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Environmental groups sue DEC over Concentrated Animal Feeding Operation permits

Dairy cattle

Dairy cows may be found either in herds on dairy farms where dairy farmers own, manage, care for, and collect milk from them, or on commercial farms.

Several New York environmental groups have filed a lawsuit against the state Department of Environmental Conservation regarding the agency's newly released permit for large animal farms operating within watersheds. The groups argue that the permit violates the federal Clean Water Act.

The complaint was filed April 11 in state Supreme Court in Albany County by Earthjustice, a nonprofit environmental law organization. That group is representing the Waterkeeper Alliance, Riverkeeper, Cortland-Onondaga Federation of Kettle Lake Associations, Sierra Club and the Theodore Gordon Flyfishers Inc. 

The DEC released rules for two new Concentrated Animal Feeding Operation permits in February, following a nearly year-long public feedback and review process. The permit concerning activists the most involves CAFOs that discharge into watersheds. Typically in New York state, a CAFO permit within a watershed involves farms that have 200 or more cows that are housed in a confined area for 45 days or more out of the year.

On average, a cow can produce 100 pounds of manure per day, and with some farms in the Owasco and Cayuga Lake watersheds housing more than 1,000 cows, there's a lot of excrement to handle.

According to the complaint filed by Earthjustice, the Clean Water Act requires that medium and large CAFOs discharging into nearby waters "be subject to a permit that contains important enforceable safety restrictions, is reviewed and approved by impartial state experts, and is available to the general public, including nearby residents." The groups argue that under the state's new permit for CAFOs within watersheds, farms' nutrient management plans are not public, are created by private contractors and not reviewed by DEC experts and do not "address potential discharges from all facets" of the operation. 

Mike Dulong, an attorney representing the organization Riverkeeper, said the group is very supportive of the agricultural industry. He said farms are a great use of open space and an important source of local food. It's the state's permitting rules and the organizations' beliefs in the lack of water quality protections that they want changed.

"We just want them to comply with federal law," Dulong said. "These types of facilities all have about the same amount of sewage as the city of Albany, every single day, and we have access to the city of Albany's CSO (Combined Sewage Overflow) permit. We can look at their sewage permits, review them, and make sure they're following them. We should make sure we can do that for every large CAFO in the state."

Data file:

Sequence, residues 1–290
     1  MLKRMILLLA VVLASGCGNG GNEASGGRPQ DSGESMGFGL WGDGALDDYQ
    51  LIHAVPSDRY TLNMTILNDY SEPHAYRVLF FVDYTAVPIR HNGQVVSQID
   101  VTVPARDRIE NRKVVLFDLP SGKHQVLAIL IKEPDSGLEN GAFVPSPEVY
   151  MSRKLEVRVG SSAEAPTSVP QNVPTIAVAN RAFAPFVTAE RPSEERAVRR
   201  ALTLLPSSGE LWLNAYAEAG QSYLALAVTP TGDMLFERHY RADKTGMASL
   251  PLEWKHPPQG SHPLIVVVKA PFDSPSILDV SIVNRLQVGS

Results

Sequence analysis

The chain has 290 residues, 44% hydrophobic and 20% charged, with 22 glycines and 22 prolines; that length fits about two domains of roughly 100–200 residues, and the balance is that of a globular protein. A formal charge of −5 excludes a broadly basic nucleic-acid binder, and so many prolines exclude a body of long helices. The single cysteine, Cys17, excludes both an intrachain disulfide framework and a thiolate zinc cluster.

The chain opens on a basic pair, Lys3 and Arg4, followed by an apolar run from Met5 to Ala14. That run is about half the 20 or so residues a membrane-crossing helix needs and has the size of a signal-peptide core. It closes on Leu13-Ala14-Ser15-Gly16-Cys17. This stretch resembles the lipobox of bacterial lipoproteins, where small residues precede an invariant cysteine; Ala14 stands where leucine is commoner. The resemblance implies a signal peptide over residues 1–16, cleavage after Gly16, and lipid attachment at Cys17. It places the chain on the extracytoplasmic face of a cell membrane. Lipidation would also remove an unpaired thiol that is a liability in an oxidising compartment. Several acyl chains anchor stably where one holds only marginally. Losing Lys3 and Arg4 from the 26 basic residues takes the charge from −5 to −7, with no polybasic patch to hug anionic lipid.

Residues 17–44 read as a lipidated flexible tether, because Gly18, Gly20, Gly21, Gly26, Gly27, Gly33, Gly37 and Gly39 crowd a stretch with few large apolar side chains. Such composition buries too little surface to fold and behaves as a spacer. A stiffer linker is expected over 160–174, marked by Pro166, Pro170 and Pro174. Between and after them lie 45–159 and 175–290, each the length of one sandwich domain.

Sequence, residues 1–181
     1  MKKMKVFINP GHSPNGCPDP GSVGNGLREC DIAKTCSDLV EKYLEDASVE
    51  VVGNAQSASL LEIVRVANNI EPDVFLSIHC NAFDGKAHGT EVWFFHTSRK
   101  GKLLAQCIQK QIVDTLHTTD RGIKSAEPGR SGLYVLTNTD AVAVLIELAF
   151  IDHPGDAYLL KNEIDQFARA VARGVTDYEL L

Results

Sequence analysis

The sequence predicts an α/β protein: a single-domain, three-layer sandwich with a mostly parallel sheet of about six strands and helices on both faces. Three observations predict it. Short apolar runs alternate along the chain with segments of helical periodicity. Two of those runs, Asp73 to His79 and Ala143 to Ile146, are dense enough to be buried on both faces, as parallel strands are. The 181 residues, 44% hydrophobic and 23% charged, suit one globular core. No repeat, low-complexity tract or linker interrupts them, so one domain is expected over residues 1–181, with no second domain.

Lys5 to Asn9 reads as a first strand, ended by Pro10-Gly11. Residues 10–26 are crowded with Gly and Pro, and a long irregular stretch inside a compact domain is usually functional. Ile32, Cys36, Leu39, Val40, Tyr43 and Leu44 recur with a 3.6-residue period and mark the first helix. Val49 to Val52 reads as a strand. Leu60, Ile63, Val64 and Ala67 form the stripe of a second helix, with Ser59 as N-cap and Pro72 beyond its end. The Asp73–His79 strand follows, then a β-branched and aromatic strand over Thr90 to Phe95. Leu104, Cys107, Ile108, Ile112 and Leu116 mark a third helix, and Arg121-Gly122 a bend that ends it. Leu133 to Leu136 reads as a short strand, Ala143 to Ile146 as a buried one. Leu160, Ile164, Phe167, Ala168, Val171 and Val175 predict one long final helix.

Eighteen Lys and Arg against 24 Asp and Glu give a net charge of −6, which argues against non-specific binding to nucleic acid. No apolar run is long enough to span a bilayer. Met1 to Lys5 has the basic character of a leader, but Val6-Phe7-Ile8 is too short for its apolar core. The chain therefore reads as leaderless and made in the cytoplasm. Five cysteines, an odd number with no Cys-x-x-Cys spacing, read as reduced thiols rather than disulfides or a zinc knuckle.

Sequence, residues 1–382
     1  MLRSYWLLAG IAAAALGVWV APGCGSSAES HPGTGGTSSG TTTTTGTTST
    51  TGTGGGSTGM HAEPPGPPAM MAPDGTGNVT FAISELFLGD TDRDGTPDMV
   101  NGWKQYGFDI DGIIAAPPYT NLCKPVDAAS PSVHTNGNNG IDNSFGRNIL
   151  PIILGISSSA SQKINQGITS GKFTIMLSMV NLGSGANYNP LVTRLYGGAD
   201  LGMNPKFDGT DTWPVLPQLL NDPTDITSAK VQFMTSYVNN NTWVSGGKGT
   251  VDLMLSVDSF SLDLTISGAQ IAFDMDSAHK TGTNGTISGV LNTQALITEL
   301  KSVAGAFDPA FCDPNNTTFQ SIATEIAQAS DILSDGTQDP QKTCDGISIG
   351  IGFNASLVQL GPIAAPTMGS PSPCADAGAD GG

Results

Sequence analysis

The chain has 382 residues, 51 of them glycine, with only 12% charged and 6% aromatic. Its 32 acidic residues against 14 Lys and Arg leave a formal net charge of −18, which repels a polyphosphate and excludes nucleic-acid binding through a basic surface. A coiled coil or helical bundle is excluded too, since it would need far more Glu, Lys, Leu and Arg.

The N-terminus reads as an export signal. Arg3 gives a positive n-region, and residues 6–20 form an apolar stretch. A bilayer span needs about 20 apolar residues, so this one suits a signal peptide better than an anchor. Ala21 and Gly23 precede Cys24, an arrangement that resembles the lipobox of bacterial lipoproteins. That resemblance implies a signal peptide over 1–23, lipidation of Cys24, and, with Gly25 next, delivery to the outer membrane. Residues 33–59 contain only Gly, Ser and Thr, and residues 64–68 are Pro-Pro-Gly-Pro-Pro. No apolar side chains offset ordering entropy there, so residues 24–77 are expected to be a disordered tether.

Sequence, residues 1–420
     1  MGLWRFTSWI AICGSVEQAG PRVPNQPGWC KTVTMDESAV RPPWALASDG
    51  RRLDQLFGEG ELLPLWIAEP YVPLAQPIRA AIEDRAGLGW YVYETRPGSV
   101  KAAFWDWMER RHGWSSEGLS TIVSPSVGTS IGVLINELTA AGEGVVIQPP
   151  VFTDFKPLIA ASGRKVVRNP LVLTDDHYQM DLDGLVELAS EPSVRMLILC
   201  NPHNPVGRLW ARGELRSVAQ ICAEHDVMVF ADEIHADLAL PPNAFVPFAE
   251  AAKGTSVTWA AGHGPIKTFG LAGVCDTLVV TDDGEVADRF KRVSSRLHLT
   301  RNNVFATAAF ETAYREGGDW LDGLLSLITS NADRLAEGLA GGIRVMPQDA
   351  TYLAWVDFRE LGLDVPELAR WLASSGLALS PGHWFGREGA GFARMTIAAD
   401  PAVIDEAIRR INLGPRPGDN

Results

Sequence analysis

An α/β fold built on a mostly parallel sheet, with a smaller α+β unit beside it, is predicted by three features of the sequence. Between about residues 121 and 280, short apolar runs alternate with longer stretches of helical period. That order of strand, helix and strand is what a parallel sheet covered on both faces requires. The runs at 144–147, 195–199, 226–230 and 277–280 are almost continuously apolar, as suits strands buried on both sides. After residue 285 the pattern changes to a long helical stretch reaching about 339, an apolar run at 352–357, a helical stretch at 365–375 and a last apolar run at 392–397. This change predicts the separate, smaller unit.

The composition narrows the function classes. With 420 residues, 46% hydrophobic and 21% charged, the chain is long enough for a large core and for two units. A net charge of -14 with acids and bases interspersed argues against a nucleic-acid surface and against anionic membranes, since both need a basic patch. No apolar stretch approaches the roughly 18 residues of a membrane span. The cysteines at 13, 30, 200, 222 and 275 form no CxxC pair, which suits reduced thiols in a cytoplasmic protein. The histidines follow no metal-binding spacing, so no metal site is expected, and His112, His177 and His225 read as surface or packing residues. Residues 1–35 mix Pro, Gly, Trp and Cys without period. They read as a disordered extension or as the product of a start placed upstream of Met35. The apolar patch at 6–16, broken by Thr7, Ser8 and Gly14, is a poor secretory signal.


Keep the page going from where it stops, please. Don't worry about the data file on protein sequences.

Similar comments were made by Cayuga County officials and the Owasco Watershed Lake Association during the public comment period for the CAFO permits. Groups wanted the nutrient management plans to be more open to the public. Though there is a 30-day review process for the public to comment on significant changes to a nutrient management plan, the complaint argues that the DEC does not provide easy access to that information, requiring parties to file a Freedom of Information Law request. Typically agencies have five business days to acknowledge the request, and 20 business days to fulfill or deny it.

Dulong said they are also advocating for the requirement to have more manure storage on farms. Dulong said he knows that's a costly enterprise for farmers, and the groups are also hoping the state will help to fund more of those structures. Having more storage lessens a farm's need to spread, especially a concern during the winter months and on days with heavy rains when runoff is a threat.

There are CAFOs doing this right, Dulong added. 

"We just want to make sure the public has access to make sure every CAFO is doing this right," he said.

In several watershed meetings, farmers and planners have said their nutrient management plans are too complex for the average person to review. They don't want people driving around and policing their farms either, especially when the general public may not understand some farming practices. It's also a security risk for the farm, they've said, should everyone know where every manure lagoon is on their land.

The DEC said it does not comment on pending litigation.

When it released the CAFO permits, however, DEC Commissioner Basil Seggos said in a release that the new rules safeguard public health and the environment.

"DEC has been working with stakeholders for more than two decades to balance environmental, agricultural, and civic interests in order to protect the environment while developing workable protections for New York's farmers," he said.

Dulong said they are still waiting for the state's response to the suit, but they do not expect to hear back until June. Meanwhile, the CAFO permits will go into effect in July.

Staff writer Gwendolyn Craig can be reached at (315) 282-2237 or Follow her on Twitter @gwendolynnn1.


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A petition and complaint filed against the state Department of Environmental Conservation regarding Concentrated Animal Feeding Operation permits.

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